So now Hopkins gives us a long meditation on that Tall Nun, from stanza 19 through stanza 31. This is very much the climax of The Wreck of the Deutschland.
Stanza 19 introduces the theme: “Sister, a sister calling/A master, her master and mine!”
Here the Tall Nun is identified, and she calls out even against the storm. Thus our life of Faith is often opposed by the world; it doesn’t take a storm for us to know persecution, though it may take a storm to remind us. Saints and Martyrs provide us, by the romantic, sublime exaggeration of extreme and heroic virtue against the storms of this world’s life, a drama of inspiration. So too does this Tall Nun. And she is pure of heart, authentically directed, well-oriented: “But she that weather sees one thing, one;/ Has one fetch in her.” One fetch!
Stanza 20—“She was first of a five”—gives us the Religious Order of the nuns but at once meditates on the name of the ship and the homeland—“Deutschland”—by ironically juxtaposing St Gertrude & Martin Luther. So here we have a slam broadminded ecumenists would avoid and Lutherans should resent! But while we don’t want to do cartoon history and do to the Protestants what Schiller did to Catholics in Don Carlos, yet we can perhaps see in the juxtaposition of the two Germans, the “lily” and the “beast” a comment on two ways of life—the former, the committed & authentic & vowed life of the Evangelical Counsels, a true Gospel life; and the latter, the renegade, the rebel, the revolutionary. “Lily”, of course, reminds us of both Easter and virginity. “Beast”, beyond the obvious, reminds us of the three beasts “of the waste wood” of darkness and error at the start of Dante’s Comedy—three bestial roots of sin, to be compared to and countered by the three Evangelical Counsels of the Gospel lifestyle of Chastity, Poverty, and Obedience. Here, again, Hopkins is reminding us that his poem is also about the journey of modern Europe—the voyages to America and the revolt of Luther being flipsides of the same story, the breakdown of Christendom. And Hopkins sees this modern story for what it is in theological terms—sin. “From life’s dawn it is drawn down . . .Abel . . .Cain.” Then there is a final image of sucking on breasts. Yes, I know it means Cain & Abel were both babies of Eve, but we cannot help but see the sucking on breasts as an odd, deliberately evocative image in a stanza focused on the authenticity of the Nun. It is a healthy reminder too that the Evangelical life of the Nun does not reject the body, sex, breast-sucking, baby-making, or human culture as bad in themselves—quite the contrary.
Stanza 21—“Loathed for a love”—traces the event of the nuns’ exile in terms both historical and theological. Hopkins links the Hun’s experience of Bismark’s persecution of the Church to the Passion and Sacrifice of Christ. Again, Hopkins theologically sees the whole thing in terms of Love: “Loathed for a love men knew in them” . . .and . . .”They unchancelling poising palms.” And while human eyes would see the sstorm as a storm, Hopkins sees the snow and ice and wind as “scroll-leaved flowers, lily showers.” Once again, God is termed, as before for both the poet’s heart and the Tall Nun, as “Master”, but now “Martyr-master.”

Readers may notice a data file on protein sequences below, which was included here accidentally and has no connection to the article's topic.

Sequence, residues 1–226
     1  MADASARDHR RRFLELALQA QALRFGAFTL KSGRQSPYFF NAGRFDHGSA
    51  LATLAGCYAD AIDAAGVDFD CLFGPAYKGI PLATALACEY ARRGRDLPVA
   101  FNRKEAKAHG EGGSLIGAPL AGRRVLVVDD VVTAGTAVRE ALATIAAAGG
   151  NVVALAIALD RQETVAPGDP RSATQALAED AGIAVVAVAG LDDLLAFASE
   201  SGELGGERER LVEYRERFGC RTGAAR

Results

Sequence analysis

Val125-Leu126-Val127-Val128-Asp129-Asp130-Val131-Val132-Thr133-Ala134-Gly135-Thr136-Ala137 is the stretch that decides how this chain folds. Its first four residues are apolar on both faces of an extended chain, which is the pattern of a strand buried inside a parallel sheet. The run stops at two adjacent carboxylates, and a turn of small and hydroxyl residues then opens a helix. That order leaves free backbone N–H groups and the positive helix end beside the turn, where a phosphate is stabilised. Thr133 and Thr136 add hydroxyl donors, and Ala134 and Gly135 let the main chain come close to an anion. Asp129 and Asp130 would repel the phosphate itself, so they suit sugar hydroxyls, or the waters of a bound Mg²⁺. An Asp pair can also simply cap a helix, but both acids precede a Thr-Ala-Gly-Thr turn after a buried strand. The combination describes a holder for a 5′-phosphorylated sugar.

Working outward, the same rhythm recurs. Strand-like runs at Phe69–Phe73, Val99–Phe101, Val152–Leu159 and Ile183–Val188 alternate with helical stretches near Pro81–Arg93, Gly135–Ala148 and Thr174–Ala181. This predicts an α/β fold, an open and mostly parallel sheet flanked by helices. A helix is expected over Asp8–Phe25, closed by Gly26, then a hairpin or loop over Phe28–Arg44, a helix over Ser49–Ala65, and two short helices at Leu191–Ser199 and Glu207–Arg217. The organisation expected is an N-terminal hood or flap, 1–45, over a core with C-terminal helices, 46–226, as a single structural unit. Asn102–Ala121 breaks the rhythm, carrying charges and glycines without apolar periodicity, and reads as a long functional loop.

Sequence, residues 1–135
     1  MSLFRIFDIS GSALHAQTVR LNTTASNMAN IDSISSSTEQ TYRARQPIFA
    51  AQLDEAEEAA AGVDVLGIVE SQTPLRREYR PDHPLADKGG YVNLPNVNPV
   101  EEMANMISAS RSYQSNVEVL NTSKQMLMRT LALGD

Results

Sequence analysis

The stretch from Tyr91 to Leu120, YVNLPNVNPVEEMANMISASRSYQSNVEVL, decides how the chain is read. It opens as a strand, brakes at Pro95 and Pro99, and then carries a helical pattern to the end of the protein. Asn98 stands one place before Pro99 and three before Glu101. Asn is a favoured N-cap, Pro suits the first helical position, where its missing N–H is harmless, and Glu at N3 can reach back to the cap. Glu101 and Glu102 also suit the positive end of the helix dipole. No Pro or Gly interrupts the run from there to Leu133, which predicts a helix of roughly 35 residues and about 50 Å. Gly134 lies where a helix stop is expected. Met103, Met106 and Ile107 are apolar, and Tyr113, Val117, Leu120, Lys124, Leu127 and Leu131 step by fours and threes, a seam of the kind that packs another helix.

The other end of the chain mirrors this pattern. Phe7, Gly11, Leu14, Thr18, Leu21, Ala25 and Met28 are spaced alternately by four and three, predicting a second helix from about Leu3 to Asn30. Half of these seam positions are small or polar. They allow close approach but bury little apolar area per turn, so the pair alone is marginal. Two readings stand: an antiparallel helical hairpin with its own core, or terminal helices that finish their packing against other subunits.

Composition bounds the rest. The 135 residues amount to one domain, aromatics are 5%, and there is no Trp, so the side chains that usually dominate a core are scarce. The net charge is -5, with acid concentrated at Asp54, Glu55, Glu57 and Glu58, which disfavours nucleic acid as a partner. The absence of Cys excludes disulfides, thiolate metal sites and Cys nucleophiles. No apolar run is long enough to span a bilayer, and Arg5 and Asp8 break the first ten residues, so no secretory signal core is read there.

And this theme continues in stanza 22—“Five!”—in identifying the Five Nuns with the Five Wounds of Christ. This stanza is particularly beautiful, especially in the litany—“Stigma, signal, cinquefoil token for lettering . . .ruddying.” No comment can improve the beauty of these lines, but one ritual perhaps reveals them—the stabbing of the Paschal Candle with the five grains of incense signifying Christ’s “holy & glorious wounds”. The phrase “and the word of it Sacrificed” has a direct parallel in form and position to a phrase in the next stanza: “Lovescape crucified.” This next stanza, #23, continues the whole theme with a meditation on the Stigmata of St Francis.
Sister, a sister calling
A master, her master and mine!—
And the inboard seas run swirling and hawling;
The rash smart sloggering brine
Blinds her; but she that weather sees one thing, one;
Has one fetch in her: she rears herself to divine
Ears, and the call of the tall nun
To the men in the tops and the tackle rode over the storm’s brawling.
She was first of a five and came
Of a coifèd sisterhood.
(O Deutschland, double a desperate name!
O world wide of its good!
But Gertrude, lily, and Luther, are two of a town,
Christ’s lily and beast of the waste wood:
From life’s dawn it is drawn down,
Abel is Cain’s brother and breasts they have sucked the same.)
Loathed for a love men knew in them,
Banned by the land of their birth,
Rhine refused them. Thames would ruin them;
Surf, snow, river and earth
Gnashed: but thou art above, thou Orion of light;
Thy unchancelling poising palms were weighing the worth,
Thou martyr-master: in thy sight
Storm flakes were scroll-leaved flowers, lily showers—sweet heaven was astrew in them.
Five! the finding and sake
And cipher of suffering Christ.
Mark, the mark is of man’s make
And the word of it Sacrificed.
But he scores it in scarlet himself on his own bespoken,
Before-time-taken, dearest prizèd and priced—
Stigma, signal, cinquefoil token
For lettering of the lamb’s fleece, ruddying of the rose-flake.
Joy fall to thee, father Francis,
Drawn to the Life that died;
With the gnarls of the nails in thee, niche of the lance, his
And seal of his seraph-arrival! and these thy daughters
And five-livèd and leavèd favour and pride,
Are sisterly sealed in wild waters,
To bathe in his fall-gold mercies, to breathe in his all-fire glances.